Under Canadian and U.S. securities laws, the prevailing view of cash-settled total return swaps has historically been that, absent specific evidence to the contrary, such swaps do not provide the long party with actual or beneficial ownership of, or control or direction over, the underlying securities. Therefore, a party acquiring an economic interest under an equity swap in 10% or more of the outstanding equity or voting securities of a class of a Canadian target issuer has not typically filed an early-warning report or an insider report relating to that interest (although a party who is already an insider as a result of beneficial ownership of such securities is required to disclose its acquisition of an additional economic interest). Similarly, in the United States, a long party would not typically file a report under section 13(d) of the Securities Exchange Act of 1934 after acquiring an economic interest under a total return swap in 5% or more of the common stock of an issuer.

In 2006, the Ontario Securities Commission indicated in the Sears decision that the use of swaps to deliberately "park" securities and avoid reporting obligations in the context of a takeover bid could constitute abusive conduct. In 2008, the much-reported court decision in a proxy contest for CSX Corporation has focused attention on the fact that regulators and courts may consider the use of equity derivatives to be abusive if they are perceived to be used to avoid disclosure obligations.

In CSX, the U.S. District Court for the Southern District of New York found that two hedge funds used cash-settled total return swaps and other arrangements to obtain significant economic power over CSX, without disclosure, before launching a proxy contest for seats on the CSX board of directors. While the Court declined to go so far as to say that a typical cash-settled total return swap creates beneficial ownership, it found that the hedge funds had entered into these arrangements to avoid their disclosure obligations. On appeal, the U.S. Court of Appeals for the Second Circuit issued a summary order affirming the lower court's decision, but without reasons. The summary order states that an opinion will follow, but it is unclear whether that opinion will discuss the issues raised by the lower court.

We expect cases like CSX, along with increased scrutiny of these issues by U.K. and other international securities regulators, to cause increased regulatory scrutiny of the use of equity swaps in contests for corporate control. Canadian securities regulators may also revisit the early-warning and insider reporting rules in this context.

8. Sovereign Wealth Funds Will Rely on the Santiago Principles to Allay Regulatory Concerns

By Michael Akkawi and Steve Donovan

The impact of the credit crisis on the leveraged buyout model leads us to expect a much bigger role for well-funded sovereign wealth funds (SWFs) in the M&A market. SWFs are loosely defined as state-owned investment funds. We see SWFs being more active as direct buyers in North America over the next few years, particularly in the mega-deal space. Although the recent financial turmoil has affected SWF returns, and lower commodity prices may have some SWFs worried about future sources of funds, other factors will override these issues. First, the decline in equity values will make acquisition opportunities difficult to pass up. Second, many SWFs have a mandate to invest internationally and have the funds to pursue this mandate. Third, many SWFs are able to take a long-term view of their investments and therefore ride out business cycles.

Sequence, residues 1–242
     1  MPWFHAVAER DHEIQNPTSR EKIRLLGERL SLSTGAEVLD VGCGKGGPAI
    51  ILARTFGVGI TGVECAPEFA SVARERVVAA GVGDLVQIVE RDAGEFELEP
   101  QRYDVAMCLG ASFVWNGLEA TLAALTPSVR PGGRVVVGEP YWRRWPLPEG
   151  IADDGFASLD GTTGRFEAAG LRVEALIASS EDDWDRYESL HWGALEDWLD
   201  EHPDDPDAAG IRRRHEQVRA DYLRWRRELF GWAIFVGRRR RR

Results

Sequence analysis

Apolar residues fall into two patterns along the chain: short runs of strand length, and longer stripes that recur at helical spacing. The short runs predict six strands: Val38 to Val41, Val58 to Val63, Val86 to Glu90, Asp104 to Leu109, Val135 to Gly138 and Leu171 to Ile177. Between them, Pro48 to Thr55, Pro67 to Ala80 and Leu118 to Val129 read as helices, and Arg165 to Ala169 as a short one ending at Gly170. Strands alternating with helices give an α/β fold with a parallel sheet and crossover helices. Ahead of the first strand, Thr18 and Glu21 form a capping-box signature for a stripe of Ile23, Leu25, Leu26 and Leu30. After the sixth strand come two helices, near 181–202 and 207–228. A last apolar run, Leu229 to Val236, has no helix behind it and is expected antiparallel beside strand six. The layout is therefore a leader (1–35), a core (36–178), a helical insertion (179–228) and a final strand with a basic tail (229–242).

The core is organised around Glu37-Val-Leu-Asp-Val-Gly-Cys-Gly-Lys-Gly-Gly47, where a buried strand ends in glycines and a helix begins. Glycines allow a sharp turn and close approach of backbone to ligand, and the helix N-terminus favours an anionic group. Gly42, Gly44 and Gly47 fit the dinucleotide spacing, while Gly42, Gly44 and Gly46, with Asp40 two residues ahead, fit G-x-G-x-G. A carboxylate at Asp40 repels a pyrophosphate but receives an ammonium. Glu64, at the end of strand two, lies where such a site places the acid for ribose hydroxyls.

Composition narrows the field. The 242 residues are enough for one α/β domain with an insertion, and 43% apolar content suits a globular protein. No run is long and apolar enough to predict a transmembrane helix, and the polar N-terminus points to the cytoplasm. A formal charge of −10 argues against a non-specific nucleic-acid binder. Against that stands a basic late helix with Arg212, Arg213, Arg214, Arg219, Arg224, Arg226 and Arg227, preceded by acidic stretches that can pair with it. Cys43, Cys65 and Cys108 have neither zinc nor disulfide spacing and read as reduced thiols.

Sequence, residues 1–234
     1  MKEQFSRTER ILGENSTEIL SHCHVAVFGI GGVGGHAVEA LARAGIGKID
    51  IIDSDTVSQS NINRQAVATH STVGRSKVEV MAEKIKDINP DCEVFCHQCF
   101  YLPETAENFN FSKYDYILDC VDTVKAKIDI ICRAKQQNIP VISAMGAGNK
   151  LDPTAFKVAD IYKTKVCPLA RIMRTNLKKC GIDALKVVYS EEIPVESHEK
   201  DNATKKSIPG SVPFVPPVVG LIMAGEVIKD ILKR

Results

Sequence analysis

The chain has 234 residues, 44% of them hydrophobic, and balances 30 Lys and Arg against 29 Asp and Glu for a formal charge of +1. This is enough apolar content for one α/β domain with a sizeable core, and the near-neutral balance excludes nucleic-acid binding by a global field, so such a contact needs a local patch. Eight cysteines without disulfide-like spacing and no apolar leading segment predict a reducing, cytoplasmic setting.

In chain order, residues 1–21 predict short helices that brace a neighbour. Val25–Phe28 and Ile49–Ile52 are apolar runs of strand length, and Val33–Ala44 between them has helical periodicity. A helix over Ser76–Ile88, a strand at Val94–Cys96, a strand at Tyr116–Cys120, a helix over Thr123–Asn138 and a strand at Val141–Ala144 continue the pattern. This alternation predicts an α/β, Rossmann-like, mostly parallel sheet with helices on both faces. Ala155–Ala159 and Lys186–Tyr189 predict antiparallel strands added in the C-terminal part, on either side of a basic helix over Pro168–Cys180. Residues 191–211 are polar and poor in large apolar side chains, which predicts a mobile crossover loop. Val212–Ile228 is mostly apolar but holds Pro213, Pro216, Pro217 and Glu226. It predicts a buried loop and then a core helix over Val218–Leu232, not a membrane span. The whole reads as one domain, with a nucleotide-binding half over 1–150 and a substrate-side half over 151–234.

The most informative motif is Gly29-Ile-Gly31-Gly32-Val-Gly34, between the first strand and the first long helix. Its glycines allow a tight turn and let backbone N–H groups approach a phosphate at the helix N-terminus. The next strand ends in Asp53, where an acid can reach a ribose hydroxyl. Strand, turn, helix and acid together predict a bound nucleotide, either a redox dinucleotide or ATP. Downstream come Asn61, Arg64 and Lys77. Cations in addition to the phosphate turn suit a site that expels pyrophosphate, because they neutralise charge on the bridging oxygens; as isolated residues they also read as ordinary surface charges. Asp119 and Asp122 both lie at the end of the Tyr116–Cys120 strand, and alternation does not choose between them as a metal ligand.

SWFs that seek to become more active in direct investment in North America, particularly through high-profile transactions, will need to mitigate political concerns regarding foreign investment. Both the Investment Canada Act and the U.S. Foreign Investment and National Security Act of 2007 could apply to the review of investments by SWFs. We believe that the "Santiago Principles," if properly used, may provide a framework to respond to these regulatory concerns.

In October 2008, the International Working Group of Sovereign Wealth Funds (IWG) published the Santiago Principles, 24 generally accepted principles and practices to reflect the investment practices and objectives of SWFs. The guiding objectives of these principles are, among others, (i) to base investments on the considerations of economic and financial risks and returns, and (ii) to have in place a transparent and sound governance structure that provides for adequate operational controls, risk management and accountability.

Although complying with the Santiago Principles is voluntary, we expect SWFs to provide undertakings to comply with some or all of the principles as a strategy for allaying regulatory concerns regarding transparency, corporate governance, commercial objectives and financial disclosure.

9. Distressed M&A Will Increase

By Scott Bomhof and William Gray

The liquidity crisis and broad recessionary pressures are expected to create significant opportunities for distressed M&A activity in the United States and Canada.